“No, you need the special card,” said the bus driver.

“Since when?”

“I don’t know. I just know  you need it.”

“I’ve never even seen ‘the special card’, “said Lisa.

“Well, I’ll let you go this time, but you need to get it.”

Lisa never saw that bus driver again. Since she didn’t know where to get the special card, she just let it pass.

The other day, as she was getting on the bus, there was a new young male bus driver, whom Lisa had never seen before. He’s holding a pamphlet in his hand as she ascends the stairs.

“How old are  you?”

Lisa, thinking he is complimenting her……as every middle-aged woman thinks when handing a Medicare card as ID, replies a bit quietly so as not to alarm fellow passengers who most likely think she is quite young:

“I’m 63.”

“Well, you’re barely that, I can see.”

Lisa is flattered,until he drops his bombshell.

“You can’t ride the bus for free. You have to be 65 years old.”

“I’m disabled and I’ve been doing it for years.”

dollar“Nope. Not allowed. Here’s the brochure. It’s a dollar.”

I’m happy to say here that my friend Lisa has come a long way since that TBI. Not only does she get around on her own. But after many years of trepidation just being out in the world, well, she doesn’t take crap anymore. Yay, Lisa!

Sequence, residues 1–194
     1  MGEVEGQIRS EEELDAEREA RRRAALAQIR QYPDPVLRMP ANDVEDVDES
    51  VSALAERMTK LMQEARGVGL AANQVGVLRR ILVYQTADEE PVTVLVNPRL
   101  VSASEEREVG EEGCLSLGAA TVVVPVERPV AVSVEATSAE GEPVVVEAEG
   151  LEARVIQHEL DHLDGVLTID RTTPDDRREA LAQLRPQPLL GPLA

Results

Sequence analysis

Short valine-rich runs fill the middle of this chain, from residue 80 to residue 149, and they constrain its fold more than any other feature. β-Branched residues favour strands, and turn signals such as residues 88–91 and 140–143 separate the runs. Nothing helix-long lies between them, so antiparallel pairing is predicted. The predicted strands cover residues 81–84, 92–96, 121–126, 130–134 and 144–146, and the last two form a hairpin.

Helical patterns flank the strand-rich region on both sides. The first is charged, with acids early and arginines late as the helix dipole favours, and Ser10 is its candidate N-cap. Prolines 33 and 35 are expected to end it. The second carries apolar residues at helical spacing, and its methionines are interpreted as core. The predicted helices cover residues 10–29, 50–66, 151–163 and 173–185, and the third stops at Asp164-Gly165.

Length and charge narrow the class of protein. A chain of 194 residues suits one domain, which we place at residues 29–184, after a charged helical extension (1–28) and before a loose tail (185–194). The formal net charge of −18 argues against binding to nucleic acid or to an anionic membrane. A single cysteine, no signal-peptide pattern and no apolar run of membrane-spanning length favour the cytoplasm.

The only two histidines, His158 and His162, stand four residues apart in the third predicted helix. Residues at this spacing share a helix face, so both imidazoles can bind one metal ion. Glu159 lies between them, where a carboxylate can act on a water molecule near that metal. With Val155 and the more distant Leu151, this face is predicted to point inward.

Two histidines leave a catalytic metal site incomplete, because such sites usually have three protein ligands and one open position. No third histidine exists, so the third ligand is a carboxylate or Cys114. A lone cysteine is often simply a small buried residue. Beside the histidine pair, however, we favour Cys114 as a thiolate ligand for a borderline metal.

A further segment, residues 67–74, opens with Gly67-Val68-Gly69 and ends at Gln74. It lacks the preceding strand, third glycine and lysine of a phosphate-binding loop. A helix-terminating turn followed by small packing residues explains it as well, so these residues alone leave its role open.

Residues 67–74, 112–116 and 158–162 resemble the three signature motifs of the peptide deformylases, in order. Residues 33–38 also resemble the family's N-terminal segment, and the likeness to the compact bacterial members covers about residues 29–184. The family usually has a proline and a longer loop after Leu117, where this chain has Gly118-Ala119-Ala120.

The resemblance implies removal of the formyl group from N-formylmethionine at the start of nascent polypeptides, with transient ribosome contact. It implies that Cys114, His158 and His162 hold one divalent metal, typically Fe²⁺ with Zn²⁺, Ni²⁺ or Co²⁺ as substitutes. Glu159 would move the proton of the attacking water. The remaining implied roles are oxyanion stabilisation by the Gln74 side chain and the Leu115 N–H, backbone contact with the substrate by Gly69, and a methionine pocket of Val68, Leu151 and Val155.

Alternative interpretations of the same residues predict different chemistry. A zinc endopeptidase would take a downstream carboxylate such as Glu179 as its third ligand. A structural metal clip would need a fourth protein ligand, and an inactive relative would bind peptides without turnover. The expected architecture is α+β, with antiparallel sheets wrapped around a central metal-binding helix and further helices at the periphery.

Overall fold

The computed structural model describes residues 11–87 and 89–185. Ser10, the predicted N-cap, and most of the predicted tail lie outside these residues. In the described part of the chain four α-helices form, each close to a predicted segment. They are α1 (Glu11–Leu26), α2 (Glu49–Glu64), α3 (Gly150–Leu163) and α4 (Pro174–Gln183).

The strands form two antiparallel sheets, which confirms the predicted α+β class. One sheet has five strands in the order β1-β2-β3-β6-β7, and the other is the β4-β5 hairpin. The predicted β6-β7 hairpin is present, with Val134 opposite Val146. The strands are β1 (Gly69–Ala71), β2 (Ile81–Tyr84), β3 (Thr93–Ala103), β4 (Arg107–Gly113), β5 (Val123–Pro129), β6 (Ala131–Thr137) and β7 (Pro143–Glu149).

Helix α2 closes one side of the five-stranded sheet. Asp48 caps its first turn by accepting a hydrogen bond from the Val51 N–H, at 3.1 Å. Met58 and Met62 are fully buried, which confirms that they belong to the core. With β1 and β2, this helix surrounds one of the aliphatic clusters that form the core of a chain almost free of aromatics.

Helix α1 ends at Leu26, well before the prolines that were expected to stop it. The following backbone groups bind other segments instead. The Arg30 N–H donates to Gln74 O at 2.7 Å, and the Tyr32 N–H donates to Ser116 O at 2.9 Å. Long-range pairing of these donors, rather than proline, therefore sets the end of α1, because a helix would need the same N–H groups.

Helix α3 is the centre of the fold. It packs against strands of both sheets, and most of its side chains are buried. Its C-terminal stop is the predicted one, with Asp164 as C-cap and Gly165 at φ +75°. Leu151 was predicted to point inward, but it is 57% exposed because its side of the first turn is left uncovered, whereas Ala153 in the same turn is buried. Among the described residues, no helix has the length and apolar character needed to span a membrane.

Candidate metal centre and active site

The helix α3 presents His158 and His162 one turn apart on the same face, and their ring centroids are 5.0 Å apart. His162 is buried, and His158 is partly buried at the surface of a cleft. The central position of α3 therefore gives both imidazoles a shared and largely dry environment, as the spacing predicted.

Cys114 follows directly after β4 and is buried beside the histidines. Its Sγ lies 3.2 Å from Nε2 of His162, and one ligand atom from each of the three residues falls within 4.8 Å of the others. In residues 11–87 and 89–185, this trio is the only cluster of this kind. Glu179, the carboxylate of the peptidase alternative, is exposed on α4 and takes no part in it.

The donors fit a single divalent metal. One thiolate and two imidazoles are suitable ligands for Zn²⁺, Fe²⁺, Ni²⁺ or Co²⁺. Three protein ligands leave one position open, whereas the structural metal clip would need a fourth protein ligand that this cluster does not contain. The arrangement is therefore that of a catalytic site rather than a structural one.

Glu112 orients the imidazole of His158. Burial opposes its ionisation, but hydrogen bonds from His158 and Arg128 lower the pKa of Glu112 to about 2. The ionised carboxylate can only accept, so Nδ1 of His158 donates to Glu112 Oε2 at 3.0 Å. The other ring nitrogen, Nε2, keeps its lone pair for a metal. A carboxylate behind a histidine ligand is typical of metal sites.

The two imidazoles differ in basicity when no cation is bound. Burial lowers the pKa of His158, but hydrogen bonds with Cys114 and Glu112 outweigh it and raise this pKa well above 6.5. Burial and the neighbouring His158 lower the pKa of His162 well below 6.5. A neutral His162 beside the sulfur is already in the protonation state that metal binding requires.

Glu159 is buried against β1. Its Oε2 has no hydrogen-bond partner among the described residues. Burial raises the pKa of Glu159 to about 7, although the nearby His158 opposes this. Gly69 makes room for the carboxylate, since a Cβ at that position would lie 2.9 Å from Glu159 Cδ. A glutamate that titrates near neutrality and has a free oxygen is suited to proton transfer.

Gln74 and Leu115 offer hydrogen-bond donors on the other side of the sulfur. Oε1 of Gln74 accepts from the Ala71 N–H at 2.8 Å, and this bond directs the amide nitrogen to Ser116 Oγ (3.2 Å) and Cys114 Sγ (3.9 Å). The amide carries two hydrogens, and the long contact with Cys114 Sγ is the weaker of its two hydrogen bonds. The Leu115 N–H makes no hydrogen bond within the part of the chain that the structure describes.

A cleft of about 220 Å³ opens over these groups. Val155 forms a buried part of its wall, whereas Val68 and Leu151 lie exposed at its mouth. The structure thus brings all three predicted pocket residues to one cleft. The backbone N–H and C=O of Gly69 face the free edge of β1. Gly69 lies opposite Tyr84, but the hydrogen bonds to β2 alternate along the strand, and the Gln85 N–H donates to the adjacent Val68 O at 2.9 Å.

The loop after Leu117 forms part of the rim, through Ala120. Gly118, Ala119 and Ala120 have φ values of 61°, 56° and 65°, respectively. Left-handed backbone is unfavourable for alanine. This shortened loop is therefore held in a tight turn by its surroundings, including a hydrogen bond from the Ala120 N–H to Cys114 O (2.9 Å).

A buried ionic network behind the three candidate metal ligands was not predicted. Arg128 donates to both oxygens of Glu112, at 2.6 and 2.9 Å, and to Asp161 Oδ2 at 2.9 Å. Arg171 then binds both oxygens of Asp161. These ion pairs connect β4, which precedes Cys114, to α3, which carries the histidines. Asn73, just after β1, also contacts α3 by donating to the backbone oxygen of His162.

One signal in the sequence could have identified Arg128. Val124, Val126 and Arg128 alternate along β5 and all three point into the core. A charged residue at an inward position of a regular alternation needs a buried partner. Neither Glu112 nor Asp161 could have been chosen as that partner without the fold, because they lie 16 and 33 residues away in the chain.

“What’s  your name?”She demanded from this arrogant brute, who was so willingly ready to accost the disabled and the elderly.

“Well,ma’am,” he sheepishly replied, “if you don’t have the dollar today, you can pay next time.”

This bus driver was on a mission to save that bus company a dollar, or take a power trip every stop along the way, or who knows what, maybe her bus driver was Donald Trump in disguise and he was testing some of his new economic policies to see how to save government funds.

Never did give her his name…and…..weirdly, she hasn’t seen that bus driver again, either.

For a dollar…..did I say that already?…………..a dollar.

“You Just have to Laugh…..”

©2015 Cathy Sikorski


TBI or TMI…..Huh!

When my friend, Lisa fell down a flight of stairs and suffered a traumatic brain injury almost six years ago, those of us in her inner circle, including Lisa, were completely unfamiliar with the rabbit hole we were entering.

Eventually, as we learned to navigate the medical system, the caregiver system, and the devastating financial consequences of just such a trauma, many in the inner circle, including Lisa became less and less cognizant of the fact that she continued to suffer from a TBI and that the long term ramifications were unknown and ongoing.

Because Lisa is an extremely lucky gal and has brilliantly navigated these shark-infested waters of unknown medical complications, many people, even in the medical field, and including Lisa, would take for granted that months and years into this recovery she was just fine.

So we would go to her neurologist, or neurosurgeon and they would tell her that this recovery takes time. And she would say, “but i feel fine!” Then we would go to the grocery store and the price of oranges would be higher, or they would be out of her favorite toilet paper and she would tear up. And I would tell her, “it’s okay, it’s the brain injury.”